This is the fabric of the 1912 nightgown — I’m sorry for not giving details before.

It is a woven check, all cotton. It doesn’t show to best advantage in this squashed-against-the-scanner shot, but it is a wonderfully soft fabric in a subtle red and beige. Unfortunately, unlike yarn, fabric doesn’t come with a nice little paper reminding you of the name and manufacturer, and I don’t remember those details.

In answer to knitsteel’s question, I will certainly wear it, supposing I ever manage to get it finished. I’ll probably make another in flannel, too. This is my bedroom —  it’s a nightgown kind of place, isn’t it?

On the subject of creature comforts, there is something rather sad going on chez fibermom.

Every morning I get up and look in the tea caddy, poking down to the bottom in case there is hiding in there another bag of Yorkshire Tea. I have been doing this since I ran out over the weekend, as though the tea fairy might have brought me just one more bag of it.

It didn’t, frankly, seem all the special while I had it. A good tea, certainly, and it made a stout pot with just one tea bag. But I did not anticipate that, when it was gone, I would pine for it in this pathetic way. I am drinking my Earl Grey, and enjoying it well enough, but — it isn’t quite the same. It seems now like an afternoon kind of tea, not the kind of tea you want first thing in the morning. No, in the morning you want some Yorkshire Tea.

The trouble is, I got the stuff at T.J. Maxx, a sort of liquidator place. It is not sold at my local grocery stores. I cannot just go and buy another box. If I could, there would be no difficulty. I would go pass my $5 over the counter and go on my way rejoicing. No such luck.

If I am to have more Yorkshire Tea, I must order it online. And I have already ascertained (at Pokey’s sensible IM suggestion) that it is sold in many, many places on the web. And so I have fallen victim to the scourge of online comparison shopping.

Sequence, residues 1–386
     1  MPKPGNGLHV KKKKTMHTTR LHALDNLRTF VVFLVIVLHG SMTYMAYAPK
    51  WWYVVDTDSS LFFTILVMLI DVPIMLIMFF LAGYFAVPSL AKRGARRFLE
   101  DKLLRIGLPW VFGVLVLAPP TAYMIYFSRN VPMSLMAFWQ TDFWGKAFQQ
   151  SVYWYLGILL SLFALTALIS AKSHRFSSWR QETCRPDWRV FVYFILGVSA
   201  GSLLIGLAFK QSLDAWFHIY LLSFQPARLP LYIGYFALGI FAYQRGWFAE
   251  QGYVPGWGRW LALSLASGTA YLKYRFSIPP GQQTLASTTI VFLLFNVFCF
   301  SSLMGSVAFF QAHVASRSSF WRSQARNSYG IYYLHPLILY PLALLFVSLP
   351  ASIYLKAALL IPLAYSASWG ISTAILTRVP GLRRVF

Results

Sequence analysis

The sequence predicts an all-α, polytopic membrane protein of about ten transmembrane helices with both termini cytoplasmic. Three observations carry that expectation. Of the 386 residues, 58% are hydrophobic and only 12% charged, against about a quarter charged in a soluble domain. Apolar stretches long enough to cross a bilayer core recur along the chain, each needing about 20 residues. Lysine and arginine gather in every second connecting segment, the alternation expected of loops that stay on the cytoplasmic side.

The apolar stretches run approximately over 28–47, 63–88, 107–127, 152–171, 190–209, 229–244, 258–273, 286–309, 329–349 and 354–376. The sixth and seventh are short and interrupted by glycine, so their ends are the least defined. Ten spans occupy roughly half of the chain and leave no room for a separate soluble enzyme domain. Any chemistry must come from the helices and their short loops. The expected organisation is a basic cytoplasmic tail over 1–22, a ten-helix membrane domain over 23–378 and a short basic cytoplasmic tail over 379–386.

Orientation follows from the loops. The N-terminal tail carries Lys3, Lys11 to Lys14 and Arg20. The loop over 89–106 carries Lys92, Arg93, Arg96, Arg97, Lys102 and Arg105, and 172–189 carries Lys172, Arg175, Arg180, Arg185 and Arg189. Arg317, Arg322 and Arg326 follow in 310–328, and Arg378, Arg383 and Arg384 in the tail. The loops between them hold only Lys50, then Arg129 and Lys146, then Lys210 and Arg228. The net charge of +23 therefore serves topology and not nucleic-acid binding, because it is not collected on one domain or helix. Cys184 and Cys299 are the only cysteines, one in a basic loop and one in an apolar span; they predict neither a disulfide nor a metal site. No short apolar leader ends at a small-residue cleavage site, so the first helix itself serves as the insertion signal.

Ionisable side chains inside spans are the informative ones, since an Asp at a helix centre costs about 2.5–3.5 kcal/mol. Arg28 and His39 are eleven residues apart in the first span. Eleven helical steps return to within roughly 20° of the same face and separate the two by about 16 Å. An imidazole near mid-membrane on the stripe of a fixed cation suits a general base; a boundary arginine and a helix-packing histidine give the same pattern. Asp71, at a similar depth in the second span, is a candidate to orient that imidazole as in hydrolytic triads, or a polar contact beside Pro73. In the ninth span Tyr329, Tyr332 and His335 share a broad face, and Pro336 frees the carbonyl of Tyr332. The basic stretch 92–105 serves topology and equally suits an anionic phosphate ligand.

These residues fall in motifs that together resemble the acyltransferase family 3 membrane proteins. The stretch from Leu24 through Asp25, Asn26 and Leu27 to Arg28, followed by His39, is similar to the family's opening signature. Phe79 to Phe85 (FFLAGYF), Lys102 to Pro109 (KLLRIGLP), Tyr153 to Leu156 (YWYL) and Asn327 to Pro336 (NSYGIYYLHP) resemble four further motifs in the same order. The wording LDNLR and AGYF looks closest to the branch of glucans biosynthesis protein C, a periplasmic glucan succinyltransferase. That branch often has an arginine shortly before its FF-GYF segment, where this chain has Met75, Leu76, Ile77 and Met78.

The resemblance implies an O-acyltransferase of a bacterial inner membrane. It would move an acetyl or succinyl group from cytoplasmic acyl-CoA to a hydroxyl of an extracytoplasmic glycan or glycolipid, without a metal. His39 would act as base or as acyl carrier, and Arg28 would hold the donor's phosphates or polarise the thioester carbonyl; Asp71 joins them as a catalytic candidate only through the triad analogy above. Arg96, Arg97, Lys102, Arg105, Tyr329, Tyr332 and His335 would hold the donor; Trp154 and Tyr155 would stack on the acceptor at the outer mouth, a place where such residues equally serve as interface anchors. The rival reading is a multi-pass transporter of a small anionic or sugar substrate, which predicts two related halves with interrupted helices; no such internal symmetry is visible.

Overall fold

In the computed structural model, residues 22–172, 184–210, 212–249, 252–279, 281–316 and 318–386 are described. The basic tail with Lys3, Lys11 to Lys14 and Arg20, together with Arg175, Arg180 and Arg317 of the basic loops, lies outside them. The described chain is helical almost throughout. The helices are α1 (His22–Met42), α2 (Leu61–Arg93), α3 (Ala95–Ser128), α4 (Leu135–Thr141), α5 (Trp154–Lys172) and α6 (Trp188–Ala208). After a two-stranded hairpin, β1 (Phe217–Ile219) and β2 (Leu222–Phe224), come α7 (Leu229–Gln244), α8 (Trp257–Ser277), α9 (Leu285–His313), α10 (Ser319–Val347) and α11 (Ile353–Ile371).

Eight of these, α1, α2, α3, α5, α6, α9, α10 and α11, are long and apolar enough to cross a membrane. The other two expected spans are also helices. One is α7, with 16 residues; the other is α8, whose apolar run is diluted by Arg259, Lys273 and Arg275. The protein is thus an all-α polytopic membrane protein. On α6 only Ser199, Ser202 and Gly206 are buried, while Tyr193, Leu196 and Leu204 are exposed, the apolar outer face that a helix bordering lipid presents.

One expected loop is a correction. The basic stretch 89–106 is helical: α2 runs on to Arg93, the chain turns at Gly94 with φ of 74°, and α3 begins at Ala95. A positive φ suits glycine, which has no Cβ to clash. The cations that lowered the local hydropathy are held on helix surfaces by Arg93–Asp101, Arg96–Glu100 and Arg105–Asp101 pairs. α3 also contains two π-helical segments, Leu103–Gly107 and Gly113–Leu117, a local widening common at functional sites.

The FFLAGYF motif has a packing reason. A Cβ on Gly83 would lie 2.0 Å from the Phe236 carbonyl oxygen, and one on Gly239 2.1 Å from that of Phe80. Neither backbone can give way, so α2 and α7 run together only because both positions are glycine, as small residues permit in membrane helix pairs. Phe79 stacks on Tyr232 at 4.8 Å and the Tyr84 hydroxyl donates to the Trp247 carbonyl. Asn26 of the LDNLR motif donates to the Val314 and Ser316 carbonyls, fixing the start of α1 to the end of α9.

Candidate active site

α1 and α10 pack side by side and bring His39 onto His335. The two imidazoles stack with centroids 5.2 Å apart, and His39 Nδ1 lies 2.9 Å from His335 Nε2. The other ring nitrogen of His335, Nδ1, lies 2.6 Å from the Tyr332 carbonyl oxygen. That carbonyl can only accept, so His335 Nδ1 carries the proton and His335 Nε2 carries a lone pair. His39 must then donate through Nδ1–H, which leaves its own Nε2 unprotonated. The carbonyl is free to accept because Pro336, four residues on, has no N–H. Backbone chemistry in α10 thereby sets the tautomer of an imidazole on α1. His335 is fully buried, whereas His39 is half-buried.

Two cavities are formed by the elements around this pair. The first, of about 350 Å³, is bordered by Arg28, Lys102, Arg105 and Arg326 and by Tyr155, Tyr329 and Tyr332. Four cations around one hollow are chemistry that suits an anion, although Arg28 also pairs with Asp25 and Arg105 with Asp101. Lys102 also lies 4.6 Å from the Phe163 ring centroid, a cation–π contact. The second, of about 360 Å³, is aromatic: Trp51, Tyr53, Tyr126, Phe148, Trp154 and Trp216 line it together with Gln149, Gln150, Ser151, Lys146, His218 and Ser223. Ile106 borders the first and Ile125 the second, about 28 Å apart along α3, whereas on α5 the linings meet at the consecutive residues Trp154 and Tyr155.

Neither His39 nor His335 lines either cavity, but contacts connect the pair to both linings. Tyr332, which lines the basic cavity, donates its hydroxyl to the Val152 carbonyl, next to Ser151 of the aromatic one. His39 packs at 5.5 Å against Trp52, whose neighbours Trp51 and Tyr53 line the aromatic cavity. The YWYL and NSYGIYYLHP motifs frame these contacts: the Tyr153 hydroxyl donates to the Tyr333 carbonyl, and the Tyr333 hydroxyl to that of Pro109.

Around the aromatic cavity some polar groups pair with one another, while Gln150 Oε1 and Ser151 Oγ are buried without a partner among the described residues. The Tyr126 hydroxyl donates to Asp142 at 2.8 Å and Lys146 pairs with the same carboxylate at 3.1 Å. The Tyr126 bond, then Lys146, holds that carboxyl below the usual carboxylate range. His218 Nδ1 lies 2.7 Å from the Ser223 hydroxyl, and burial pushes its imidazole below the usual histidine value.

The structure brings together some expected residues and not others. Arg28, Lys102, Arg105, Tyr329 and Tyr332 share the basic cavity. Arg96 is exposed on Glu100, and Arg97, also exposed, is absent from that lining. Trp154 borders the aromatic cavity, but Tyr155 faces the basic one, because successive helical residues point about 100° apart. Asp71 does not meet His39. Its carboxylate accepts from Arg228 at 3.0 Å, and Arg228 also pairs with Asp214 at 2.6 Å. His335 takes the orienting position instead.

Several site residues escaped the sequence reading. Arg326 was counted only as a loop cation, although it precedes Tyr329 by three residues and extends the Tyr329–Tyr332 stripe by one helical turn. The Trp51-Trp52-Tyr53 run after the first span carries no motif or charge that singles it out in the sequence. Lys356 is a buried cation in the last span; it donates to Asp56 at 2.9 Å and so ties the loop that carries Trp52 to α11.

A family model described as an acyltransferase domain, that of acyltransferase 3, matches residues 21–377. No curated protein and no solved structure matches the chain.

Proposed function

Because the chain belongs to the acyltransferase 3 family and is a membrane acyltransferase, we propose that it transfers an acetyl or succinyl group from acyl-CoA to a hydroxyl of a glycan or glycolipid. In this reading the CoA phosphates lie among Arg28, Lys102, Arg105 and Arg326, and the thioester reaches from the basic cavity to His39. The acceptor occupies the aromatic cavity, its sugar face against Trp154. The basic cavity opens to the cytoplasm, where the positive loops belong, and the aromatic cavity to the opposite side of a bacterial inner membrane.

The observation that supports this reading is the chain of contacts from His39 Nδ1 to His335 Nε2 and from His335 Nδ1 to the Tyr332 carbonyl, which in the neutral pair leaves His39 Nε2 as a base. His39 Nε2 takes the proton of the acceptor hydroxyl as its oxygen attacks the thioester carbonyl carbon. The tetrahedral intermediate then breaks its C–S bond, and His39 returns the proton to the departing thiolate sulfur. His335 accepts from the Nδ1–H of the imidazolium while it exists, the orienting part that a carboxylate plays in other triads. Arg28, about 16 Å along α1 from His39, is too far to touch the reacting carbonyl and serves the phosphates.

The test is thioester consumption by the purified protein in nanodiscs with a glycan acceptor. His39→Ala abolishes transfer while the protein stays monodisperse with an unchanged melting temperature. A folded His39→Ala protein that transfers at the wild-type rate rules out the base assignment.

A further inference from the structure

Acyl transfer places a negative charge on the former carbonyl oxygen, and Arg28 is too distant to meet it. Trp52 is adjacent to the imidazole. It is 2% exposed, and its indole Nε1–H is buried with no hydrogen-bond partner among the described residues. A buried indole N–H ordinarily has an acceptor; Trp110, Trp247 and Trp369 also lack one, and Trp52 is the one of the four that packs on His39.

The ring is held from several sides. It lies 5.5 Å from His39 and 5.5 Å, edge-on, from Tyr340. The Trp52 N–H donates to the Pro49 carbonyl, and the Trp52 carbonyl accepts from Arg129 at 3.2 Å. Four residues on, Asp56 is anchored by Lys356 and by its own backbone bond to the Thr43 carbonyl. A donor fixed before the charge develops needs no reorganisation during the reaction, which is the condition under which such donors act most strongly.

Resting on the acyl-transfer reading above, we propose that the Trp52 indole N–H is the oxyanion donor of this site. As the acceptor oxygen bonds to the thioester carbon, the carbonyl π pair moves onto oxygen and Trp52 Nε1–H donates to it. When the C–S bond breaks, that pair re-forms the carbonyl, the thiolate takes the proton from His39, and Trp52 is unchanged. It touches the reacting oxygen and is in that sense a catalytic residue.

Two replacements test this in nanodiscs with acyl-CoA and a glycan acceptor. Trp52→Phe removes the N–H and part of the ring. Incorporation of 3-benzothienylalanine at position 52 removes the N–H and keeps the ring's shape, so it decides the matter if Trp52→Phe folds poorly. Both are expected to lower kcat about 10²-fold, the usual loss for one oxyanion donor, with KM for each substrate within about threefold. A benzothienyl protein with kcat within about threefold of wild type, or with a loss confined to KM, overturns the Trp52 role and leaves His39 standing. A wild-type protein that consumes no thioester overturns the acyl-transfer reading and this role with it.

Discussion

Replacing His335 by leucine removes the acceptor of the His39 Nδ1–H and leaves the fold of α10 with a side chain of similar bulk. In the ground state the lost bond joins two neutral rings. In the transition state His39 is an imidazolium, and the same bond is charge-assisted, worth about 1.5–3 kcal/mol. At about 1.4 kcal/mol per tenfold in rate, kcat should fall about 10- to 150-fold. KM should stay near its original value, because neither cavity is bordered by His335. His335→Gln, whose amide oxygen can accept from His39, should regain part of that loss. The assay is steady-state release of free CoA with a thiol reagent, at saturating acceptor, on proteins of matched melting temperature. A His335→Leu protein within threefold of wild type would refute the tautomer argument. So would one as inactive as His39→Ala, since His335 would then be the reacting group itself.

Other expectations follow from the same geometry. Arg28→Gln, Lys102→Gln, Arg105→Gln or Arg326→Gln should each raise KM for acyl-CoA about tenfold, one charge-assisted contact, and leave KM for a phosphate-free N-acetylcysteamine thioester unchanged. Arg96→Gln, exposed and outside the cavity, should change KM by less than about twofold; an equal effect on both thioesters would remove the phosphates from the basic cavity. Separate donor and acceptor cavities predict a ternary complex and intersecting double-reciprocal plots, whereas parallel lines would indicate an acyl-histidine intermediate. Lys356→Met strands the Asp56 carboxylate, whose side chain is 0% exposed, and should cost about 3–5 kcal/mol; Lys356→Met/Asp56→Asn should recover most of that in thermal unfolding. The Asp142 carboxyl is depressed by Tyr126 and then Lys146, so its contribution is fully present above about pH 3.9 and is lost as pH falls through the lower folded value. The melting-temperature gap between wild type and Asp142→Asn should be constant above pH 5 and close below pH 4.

This stuff is available at all different prices. So I had to go look at Froogle. And it is available loose and in bags in many different quantities, making it difficult to compare the prices in a meaningful way. And then, a light, inexpensive item like a box of tea bags will cost more for the shipping than for the item. So I have to calculate the various costs with their associated shipping costs to see which one is really the best deal. And, once I find that the shipping is only reasonable if I order some other items along with the tea, I have to see what else the various places offer, in order to determine which has the best balance of cost with items-that-would-also-be-useful. At which point mysterious British confectionary that we have read about or heard mentioned on the BBC comedies enters the picture. Walnut Whip, Jammie Dodgers, even Chocolate Hobnobs can be had along with the Yorkshire Tea.

And I am not supposed to eat sugar or spend money on frivolities. So, really, I may not ever get my tea.

Why isn’t there a shop which sells the tea with books or yarn? Then at least I would feel that — while I would still be spending money on frivolities — they were my favorite frivolities, and worth it.

Really, though, it is the time-wasting compulsion to comparison shop which comes over me when I buy things on the internet. When I was getting ready for my daughter’s wedding, I made charts. I realize that — even if I end up saving seventy-four cents per box on the tea after counting in the shipping — this is a silly thing to do. I don’t waste my time in this way in real life. It is something that happens to me when I shop online. It seems that there is always one more place which might be still better than the eight I have already seen.

The result is that, after I have done this idiotic surfing around once for an item, I stick with the purveyor that I determined was best on that occasion. I have two places for buying soapmaking supplies, two for yarn, two for books I cannot get at work, and so on. So I suppose, once I have used up the time I should spend on hemming my nightgown by chasing down the perfect, the philosopher’s purveyor of tea, I will be able to consider that task finished. I might as well get on with it.

Later: While I have not yet found a book or yarn merchant which sells this tea, I have found a bicycle parts store in Louisiana which does. We are getting more practical by the moment.